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Fees Rise for Underfunded Pensions

Shortfalls mean more risk for a company’s retirees and shareholders.
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The largest pension plans held by S&P 500 companies face a $348 billion funding gap. As a result, they’re paying higher annual fees to the U.S. Pension Benefit Guaranty Corp., the government agency that backstops plans. “There’s increased awareness that an underfunded plan imposes risk on employees, it imposes risk on shareholders, and it’s getting more expensive,” says Olivia Mitchell, a professor at the University of Pennsylvania’s Wharton School and executive director of the Pension Research Council.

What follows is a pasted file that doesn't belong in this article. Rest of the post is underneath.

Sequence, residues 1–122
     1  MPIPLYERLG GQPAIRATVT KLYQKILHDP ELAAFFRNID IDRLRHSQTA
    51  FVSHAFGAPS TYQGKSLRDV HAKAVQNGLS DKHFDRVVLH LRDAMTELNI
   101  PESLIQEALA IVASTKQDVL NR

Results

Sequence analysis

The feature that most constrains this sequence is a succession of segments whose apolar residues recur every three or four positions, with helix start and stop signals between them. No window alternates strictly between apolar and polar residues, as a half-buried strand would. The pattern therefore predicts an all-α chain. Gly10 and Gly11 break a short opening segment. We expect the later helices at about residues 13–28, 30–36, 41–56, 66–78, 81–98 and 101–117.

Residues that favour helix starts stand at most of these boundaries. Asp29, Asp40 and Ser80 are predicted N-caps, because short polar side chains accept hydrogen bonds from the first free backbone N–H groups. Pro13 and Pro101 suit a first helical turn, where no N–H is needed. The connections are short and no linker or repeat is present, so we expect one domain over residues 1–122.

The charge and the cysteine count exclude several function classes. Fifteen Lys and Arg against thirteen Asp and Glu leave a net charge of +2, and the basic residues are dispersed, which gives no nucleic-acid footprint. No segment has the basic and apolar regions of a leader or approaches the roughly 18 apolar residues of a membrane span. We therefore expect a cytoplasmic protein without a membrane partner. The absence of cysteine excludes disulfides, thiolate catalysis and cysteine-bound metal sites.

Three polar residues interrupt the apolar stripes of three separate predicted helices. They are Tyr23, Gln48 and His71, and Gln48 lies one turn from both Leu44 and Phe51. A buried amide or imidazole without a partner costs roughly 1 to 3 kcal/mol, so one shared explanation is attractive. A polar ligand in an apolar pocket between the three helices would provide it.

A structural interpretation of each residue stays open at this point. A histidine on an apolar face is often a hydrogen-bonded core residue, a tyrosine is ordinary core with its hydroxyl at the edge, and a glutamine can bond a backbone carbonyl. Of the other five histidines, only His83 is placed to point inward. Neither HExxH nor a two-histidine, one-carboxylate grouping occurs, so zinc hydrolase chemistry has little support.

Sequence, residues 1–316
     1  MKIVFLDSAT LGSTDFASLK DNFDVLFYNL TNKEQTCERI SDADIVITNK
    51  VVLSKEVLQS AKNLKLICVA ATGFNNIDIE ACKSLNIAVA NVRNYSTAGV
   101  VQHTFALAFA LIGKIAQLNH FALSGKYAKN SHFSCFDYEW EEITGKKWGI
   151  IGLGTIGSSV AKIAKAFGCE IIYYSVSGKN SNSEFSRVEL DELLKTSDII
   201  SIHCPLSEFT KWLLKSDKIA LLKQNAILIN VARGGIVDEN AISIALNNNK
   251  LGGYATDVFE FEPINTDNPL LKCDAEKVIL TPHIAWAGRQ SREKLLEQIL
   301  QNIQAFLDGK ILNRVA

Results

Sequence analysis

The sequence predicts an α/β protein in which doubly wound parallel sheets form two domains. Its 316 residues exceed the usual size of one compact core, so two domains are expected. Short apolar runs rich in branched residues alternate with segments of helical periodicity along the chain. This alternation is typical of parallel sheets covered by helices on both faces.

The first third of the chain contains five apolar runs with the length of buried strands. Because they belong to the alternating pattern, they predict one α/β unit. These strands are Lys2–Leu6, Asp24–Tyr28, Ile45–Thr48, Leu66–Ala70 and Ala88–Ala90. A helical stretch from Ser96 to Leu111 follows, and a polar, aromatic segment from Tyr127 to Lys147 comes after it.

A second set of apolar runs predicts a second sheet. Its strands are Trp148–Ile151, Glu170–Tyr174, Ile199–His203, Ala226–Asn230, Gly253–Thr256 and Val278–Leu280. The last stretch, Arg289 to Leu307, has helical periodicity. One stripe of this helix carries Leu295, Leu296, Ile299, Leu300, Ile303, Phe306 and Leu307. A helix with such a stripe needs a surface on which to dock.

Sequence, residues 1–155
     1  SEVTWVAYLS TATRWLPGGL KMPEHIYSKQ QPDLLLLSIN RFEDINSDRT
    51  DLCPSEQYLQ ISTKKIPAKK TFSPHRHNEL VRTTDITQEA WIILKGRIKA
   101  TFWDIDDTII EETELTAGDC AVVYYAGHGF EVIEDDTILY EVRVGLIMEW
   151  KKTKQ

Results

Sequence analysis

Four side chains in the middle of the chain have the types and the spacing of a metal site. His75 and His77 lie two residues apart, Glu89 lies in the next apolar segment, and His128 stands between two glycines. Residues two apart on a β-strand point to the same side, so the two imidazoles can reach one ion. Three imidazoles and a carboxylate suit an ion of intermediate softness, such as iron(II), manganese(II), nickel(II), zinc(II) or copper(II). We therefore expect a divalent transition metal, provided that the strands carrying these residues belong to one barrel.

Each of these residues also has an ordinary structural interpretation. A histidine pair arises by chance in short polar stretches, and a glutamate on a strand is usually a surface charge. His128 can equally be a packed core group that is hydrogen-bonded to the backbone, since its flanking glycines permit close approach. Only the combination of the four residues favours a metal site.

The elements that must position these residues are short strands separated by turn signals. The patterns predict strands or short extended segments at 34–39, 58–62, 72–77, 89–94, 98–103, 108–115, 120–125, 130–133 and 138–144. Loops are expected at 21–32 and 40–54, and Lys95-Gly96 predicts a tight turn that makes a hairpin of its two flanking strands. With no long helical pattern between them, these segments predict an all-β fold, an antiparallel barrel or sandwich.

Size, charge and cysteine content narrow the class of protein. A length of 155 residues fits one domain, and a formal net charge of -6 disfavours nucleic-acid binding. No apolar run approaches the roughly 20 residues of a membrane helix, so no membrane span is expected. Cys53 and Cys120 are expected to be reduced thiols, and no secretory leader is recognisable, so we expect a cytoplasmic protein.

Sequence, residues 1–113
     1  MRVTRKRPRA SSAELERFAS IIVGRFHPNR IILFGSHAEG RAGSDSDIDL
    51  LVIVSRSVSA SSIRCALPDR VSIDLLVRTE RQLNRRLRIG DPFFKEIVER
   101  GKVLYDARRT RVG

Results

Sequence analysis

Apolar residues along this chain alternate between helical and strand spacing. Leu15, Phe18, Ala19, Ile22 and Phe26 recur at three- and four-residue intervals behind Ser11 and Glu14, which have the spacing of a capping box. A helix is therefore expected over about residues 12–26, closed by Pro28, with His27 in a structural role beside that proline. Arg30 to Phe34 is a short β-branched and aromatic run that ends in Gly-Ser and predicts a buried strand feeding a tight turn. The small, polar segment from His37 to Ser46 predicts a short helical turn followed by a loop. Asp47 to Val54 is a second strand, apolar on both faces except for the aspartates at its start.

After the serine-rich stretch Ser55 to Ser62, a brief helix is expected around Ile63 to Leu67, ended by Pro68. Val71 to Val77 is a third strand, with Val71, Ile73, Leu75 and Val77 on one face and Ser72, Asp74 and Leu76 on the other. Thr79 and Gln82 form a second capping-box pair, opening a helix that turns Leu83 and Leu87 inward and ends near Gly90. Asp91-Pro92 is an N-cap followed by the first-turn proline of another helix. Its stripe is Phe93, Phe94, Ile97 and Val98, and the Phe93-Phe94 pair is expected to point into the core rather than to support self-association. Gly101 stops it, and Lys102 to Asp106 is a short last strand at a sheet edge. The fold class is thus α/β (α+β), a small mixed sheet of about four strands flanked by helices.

The fees, called variable-rate premiums, are set by Congress and meant to encourage companies to set aside more money in their pension funds. They’ve more than tripled in four years for companies including General Electric Co. and Boeing Co., according to data obtained by Bloomberg News through a Freedom of Information Act request.